This piece will look at Josh Jackson while skirting about important issues like cognitive dissonance and how initial impressions can bias us.
My first impression with Josh Jackson was that he was really smart, competitive, decently skilled and jump out of the gym athletic. He also has cool hair and smiles a lot. In other words, he looked like a prospect with very high upside. It was only later that I realized that my first impression might be wrong. Wrong, not because there isn’t a lot to like about Josh Jackson, but rather because his inadequacies as a a player and prospect are perhaps being masked by his college position. One problem: Due to playing Power Forward, Jackson rarely ever gets matched up against really athletic players.
Let’s watch Jawun Evans destroy Josh Jackson, while others finish over Josh Jackson at the rim.
So you’re saying, Jawun Evans is really fast. Maybe Jackson won’t have to guard players like Evans at the next level. Okay, so now let’s watch watch Esa Ahmad do the same thing.
We’re talking about winning on movement (first play, the same kinds of curls which Jackson wins with) and beating Jackson back in transition in the first two plays. (Winning with movement is a constant theme.) In the third, we’re talking about Ahmad beating Jackson off the dribble, with a not especially sudden move. (Jackson somewhat lazily clears traffic, gives a half step to Ahmad and can’t recover.) We’re talking about Ahmad posting Jackson for which Self’s answer was to compromise the defense by sending a double team.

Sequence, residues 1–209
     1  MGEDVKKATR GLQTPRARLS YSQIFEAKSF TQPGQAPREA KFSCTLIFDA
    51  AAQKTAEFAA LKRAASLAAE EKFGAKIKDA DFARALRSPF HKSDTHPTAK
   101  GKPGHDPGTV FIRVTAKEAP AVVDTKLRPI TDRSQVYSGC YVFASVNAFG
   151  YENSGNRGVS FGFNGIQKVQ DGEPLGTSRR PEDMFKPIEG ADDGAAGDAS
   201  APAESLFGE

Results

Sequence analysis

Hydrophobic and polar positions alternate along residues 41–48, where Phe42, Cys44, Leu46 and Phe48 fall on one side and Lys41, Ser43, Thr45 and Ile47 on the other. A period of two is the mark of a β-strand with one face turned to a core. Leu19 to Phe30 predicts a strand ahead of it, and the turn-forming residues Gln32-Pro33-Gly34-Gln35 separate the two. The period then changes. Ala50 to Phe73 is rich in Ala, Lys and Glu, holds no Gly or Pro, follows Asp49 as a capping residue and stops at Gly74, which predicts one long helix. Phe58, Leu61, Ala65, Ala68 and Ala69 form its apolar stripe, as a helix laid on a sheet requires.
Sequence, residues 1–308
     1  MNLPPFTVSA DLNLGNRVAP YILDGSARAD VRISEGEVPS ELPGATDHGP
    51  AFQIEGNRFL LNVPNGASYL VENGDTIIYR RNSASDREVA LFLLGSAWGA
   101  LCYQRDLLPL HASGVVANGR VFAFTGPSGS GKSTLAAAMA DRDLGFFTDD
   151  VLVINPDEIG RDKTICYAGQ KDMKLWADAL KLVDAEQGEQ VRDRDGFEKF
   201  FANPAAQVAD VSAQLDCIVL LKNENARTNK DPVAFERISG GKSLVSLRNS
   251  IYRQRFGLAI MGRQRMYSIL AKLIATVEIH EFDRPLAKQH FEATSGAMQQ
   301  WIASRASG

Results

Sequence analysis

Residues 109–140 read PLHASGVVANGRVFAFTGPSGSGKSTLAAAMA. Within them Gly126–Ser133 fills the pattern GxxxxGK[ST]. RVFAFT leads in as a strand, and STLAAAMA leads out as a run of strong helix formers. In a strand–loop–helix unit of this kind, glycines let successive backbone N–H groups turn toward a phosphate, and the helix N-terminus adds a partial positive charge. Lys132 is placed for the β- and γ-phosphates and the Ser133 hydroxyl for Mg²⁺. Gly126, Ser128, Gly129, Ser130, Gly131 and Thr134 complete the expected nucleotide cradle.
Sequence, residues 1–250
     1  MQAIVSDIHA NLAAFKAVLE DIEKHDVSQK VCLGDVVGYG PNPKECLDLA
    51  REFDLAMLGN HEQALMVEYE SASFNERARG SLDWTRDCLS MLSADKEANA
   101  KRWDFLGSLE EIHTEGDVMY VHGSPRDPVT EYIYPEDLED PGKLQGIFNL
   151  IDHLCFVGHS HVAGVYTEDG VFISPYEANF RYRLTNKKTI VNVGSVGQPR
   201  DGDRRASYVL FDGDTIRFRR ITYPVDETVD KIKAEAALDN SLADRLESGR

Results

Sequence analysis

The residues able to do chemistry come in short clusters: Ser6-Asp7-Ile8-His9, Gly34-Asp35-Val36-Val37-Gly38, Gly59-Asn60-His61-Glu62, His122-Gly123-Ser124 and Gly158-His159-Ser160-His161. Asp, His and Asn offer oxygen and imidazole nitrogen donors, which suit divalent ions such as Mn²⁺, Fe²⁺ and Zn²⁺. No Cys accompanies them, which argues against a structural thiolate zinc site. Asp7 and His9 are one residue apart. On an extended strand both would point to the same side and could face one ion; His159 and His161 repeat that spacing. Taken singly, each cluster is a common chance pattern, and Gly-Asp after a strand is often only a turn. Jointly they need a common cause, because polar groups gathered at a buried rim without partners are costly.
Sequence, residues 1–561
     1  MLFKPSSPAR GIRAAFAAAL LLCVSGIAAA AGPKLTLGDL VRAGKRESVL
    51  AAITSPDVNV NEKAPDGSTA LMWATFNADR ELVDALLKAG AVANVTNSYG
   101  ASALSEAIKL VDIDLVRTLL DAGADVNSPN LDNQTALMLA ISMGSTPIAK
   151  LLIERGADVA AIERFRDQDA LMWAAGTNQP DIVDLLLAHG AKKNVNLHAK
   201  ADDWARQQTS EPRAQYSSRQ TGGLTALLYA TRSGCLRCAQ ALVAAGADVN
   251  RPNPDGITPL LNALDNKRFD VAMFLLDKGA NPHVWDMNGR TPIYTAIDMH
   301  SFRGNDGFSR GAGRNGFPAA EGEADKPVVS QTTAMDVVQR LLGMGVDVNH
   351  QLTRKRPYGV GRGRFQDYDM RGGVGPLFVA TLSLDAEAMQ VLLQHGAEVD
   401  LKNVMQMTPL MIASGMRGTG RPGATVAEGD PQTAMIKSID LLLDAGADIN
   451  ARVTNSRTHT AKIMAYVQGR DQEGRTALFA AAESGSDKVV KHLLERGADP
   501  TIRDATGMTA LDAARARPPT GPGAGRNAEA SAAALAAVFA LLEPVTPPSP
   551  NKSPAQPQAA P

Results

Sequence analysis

Later we even see a bull-rush where Ahmad wins on a drive because he’s stronger. (One problem with the Jimmy Butler comparison is that Jimmy Butler is exceptionally strong for his size. A fact that was true even when he was smaller, and we could say the same about Andre Iguodala.) We also see a series of plays in which Ahmad steals a Jackson pass only to get the ball back on the other side and beat Jackson clean. It got so bad that Kansas went zone. That’s with only Ahmad and Adrian really having efficient days from the field.
Okay, so what’s next? How about Deonte Burton? You only have to watch the first play of this one.
But let’s watch the whole of this next guy.
How does Burton not beat Jackson over the course of these two games? Post ISOs. Lazy close-outs. Blow-bys, which have an ancillary effect of backing Jackson off his body on future plays. Jackson clearly doesn’t think he can hang with Burton off the dribble, but he also can’t contest Burton’s shots from such a distance with his short arms.
I lost track of how many threes Jackson surrendered here. It was a lot.
You may ask, why am I singling out these games? It’s not just because Jackson wasn’t very good on defense, but offense as well.
This is a nasty trick. I’ve basically taken Jackson at his worst and shown you what his averages are over these four games. However, we can see, thanks to Sports-Reference, that these kinds of Assist-Turnover numbers aren’t really restricted to a sample of four games, but are more a product of tougher Conference Play.
Good shooting stats. Decent rebounding stats if we don’t break down the Offensive and Defensive Rebounding percentages. But these are not the kinds of turnover numbers that Primary Intiators put up in college, at least not Initiators likely to be on highly competitive teams.